A scout hut on the property of the Georgia School for the Deaf was named after the graduate of Maryland School for the Deaf because of his love and involvement in scouting over the years. Watch the video to find out who he was. Enjoy! ♥️
Adonia: Hello! I’m here at an old GSD site called Fannin Campus (no longer existed anymore). I’m standing behind the old building which, in old days, was Vocational Department. But why am I here standing behind the old vocational building? Look behind me. Somewhere in the woods, a long time ago, there used to be a small hut [image shown] but it has long since torn down and gone now. What is it so special about that hut? Let me explain.
Adonia: Years ago scouting is “the big thing.” The hut (actually a scout hut) was built in honor of the young Deaf man named William Jesse McCanless [image shown], or “Bill.” What was his name sign? I will show you a video of his name sign, as demonstrated by a Deaf woman, who was nearly 100 years old at that time of filming and passed away not long time ago. She was also an alumni of GSD. She knew him, so you can see her for yourself. [Video shown]. See his name sign? Interesting!
Adonia: But what did William Jesse McCanless has to do with GSD here? Actually his home was in Canton, Georgia! Canton is pretty way north of Atlanta. He went to Maryland School for the Deaf as a student. [Image shown] He graduated from Maryland School for the Deaf in 1925. [Image shown] He then went to Gallaudet University, but his health problems forced him to leave early. He returned to Maryland School for the Deaf and took up the job as a Dorm supervisor as well as participated in scouting. He established a troop (whose number is #1) at the Maryland school for the Deaf. He also traveled a lot between Maryland and Georgia. He eventually graduated from Gallaudet in 1930 and traveled to two very significient events. First, He went to Hungary and participated in World Boy Scout Jamboree for training and networking with other boy scout troops. It was in 1933. The second event was National Boy Scout Jamboree in Washington state there. That’s where US President Roosevelt visited the Boy Scouts there (in 1937)! A representative of each scout troops was in the attendance, and William J. McCanlass was one of the representatives.
Adonia: Wiliam J. MCanlass also received three awards. The first was Eagle Badge; the second was Palm award; and the last one was the Scoutmaster’s Key. He earned the Eagle Badge when he was a student at Maryland School for the Deaf. The record shows he was the first Deaf student to earn that! The Scoutmaster’s Key was the highest award that, according to the history, was earned by the only two high-ranking Deaf scout leaders in the entire US, McCanless being one of the recipients!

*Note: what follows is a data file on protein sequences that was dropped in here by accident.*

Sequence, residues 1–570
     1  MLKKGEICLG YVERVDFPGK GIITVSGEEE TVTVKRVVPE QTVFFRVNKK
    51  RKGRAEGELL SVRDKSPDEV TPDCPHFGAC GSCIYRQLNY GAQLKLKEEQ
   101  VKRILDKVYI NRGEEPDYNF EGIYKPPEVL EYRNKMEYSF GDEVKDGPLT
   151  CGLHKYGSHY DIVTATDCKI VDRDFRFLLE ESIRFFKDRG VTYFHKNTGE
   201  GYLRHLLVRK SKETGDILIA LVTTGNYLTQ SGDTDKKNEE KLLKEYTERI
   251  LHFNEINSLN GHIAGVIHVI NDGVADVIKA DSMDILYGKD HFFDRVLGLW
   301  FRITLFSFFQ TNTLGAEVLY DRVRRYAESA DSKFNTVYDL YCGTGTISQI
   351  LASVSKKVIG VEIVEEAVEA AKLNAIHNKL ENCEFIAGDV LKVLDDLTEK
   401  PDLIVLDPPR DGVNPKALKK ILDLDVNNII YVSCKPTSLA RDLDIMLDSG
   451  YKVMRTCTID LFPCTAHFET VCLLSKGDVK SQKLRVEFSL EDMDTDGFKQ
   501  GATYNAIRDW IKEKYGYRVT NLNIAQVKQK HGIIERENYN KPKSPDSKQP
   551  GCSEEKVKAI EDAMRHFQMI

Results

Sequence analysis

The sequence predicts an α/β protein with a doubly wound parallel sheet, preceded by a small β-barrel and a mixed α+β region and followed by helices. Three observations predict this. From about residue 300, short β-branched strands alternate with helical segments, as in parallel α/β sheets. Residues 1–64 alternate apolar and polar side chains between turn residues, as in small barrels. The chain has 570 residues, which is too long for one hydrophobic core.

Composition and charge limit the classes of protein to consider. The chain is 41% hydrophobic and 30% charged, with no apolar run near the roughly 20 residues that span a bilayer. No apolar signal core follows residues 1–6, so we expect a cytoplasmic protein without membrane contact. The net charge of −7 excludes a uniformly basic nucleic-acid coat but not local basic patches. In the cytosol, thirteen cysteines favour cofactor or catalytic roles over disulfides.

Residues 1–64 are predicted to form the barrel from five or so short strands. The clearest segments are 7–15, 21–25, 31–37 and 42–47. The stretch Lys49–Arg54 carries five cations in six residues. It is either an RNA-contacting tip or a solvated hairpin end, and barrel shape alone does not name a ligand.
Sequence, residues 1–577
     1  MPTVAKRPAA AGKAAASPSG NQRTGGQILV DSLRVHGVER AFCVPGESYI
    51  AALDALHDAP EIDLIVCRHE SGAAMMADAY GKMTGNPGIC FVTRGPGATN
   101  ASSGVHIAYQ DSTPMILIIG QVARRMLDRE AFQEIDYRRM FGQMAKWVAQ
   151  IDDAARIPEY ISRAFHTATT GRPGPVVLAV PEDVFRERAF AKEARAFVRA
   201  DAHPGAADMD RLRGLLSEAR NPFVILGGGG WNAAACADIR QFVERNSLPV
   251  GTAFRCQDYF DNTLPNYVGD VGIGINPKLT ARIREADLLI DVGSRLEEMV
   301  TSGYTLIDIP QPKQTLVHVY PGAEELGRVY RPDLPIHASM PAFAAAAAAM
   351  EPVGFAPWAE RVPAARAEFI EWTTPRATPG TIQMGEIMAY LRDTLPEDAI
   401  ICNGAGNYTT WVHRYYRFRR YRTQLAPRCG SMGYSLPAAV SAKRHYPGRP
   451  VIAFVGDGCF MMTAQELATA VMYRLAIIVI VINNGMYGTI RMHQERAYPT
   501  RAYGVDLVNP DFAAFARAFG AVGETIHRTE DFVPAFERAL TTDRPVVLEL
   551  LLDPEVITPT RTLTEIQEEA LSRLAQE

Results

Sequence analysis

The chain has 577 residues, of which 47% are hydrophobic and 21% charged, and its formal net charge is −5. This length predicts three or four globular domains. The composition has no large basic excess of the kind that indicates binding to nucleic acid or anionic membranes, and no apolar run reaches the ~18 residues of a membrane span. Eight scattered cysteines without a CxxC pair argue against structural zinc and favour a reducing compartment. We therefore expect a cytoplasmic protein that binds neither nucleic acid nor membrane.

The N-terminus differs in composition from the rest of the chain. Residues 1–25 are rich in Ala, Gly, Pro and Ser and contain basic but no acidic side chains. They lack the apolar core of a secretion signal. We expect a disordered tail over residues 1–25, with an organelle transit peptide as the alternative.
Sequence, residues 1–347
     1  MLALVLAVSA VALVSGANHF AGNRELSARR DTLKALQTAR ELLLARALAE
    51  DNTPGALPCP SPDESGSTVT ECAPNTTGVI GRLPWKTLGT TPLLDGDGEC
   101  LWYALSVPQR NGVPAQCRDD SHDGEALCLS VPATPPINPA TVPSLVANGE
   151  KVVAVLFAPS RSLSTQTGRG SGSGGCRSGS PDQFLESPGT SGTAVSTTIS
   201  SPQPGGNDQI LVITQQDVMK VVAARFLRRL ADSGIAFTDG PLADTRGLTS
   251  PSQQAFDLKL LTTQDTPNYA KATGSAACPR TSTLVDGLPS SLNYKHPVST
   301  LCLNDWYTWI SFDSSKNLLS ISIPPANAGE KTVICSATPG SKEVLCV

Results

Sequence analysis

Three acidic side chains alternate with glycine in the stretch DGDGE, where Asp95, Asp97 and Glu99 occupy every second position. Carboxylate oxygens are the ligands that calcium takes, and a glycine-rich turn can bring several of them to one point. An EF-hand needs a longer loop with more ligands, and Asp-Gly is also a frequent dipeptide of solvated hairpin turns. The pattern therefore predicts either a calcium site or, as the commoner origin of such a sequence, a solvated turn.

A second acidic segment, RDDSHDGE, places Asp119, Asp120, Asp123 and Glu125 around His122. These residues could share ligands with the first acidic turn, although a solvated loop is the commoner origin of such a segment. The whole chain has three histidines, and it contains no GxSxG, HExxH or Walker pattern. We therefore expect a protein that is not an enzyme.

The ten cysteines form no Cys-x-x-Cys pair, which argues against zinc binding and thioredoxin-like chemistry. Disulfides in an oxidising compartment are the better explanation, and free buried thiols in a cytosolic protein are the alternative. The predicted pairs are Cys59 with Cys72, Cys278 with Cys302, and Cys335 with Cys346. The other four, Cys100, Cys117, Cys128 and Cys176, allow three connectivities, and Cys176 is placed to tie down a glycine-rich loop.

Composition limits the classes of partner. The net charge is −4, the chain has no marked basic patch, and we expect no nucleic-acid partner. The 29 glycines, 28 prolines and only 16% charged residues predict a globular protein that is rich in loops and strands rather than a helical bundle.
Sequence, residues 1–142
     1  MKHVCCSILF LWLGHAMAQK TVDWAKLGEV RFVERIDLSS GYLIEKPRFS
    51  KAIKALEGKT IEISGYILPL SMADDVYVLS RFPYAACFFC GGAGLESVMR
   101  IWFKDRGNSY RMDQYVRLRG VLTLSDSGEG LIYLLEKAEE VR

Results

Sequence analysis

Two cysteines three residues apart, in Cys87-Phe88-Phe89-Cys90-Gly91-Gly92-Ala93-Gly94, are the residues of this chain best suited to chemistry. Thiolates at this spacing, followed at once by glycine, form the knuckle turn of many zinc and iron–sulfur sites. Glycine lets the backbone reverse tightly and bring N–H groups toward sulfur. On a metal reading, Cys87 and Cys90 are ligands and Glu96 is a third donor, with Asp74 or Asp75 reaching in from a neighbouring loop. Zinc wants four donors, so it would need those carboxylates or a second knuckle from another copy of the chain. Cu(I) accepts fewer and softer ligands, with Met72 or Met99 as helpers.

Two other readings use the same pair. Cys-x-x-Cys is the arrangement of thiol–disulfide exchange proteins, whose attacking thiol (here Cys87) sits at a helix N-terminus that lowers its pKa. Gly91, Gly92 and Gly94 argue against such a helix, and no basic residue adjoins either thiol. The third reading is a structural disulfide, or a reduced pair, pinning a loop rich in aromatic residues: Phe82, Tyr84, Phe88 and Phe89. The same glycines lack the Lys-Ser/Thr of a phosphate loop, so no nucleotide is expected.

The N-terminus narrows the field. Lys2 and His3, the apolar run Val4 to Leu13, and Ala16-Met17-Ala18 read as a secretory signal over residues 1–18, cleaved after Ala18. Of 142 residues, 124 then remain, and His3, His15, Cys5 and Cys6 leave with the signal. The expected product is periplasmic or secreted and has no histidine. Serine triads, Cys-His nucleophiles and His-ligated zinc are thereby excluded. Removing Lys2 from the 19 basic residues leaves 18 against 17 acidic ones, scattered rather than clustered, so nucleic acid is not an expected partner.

Adonia: Here’s an interesting story; McCanless also taught scouting skills right here on the GSD campus, which is why the scout hut was built. During that time he was at GSD, he awarded a badge to a very well-known and honored young man who was a student of GSD (and later became a teacher at the same school, under the vocational program for many years). His name was Connor Dillard (demonstrates name sign)! Amazing. I have already met Connor Dillard in person; to know he had met McCanless…just amazing! Such important connection through generations. Yes, role models are very important! Not only Deaf but also hearing people here and around in places like Cave Spring, Rome and other cities who wanted to become scouts learned from McCanless. Also in his hometown in Canton, GA., hearing scouts also learned under his leadership, too!
Adonia: McCanless deeply loved scouting. As I have said earlier, scouting is “the big thing” years ago as it is today. Sadly, he passed away pretty young (he was only 37 years old) at his home in Canton, GA. That is why GSD honored him by naming the scout hut after him…”William Jesse McCanless (“Bill”) Scout Hut”. [Image of a clipping is shown].
Photos credit: GSD Museum and Bjorlee Museum at Maryland School for the Deaf
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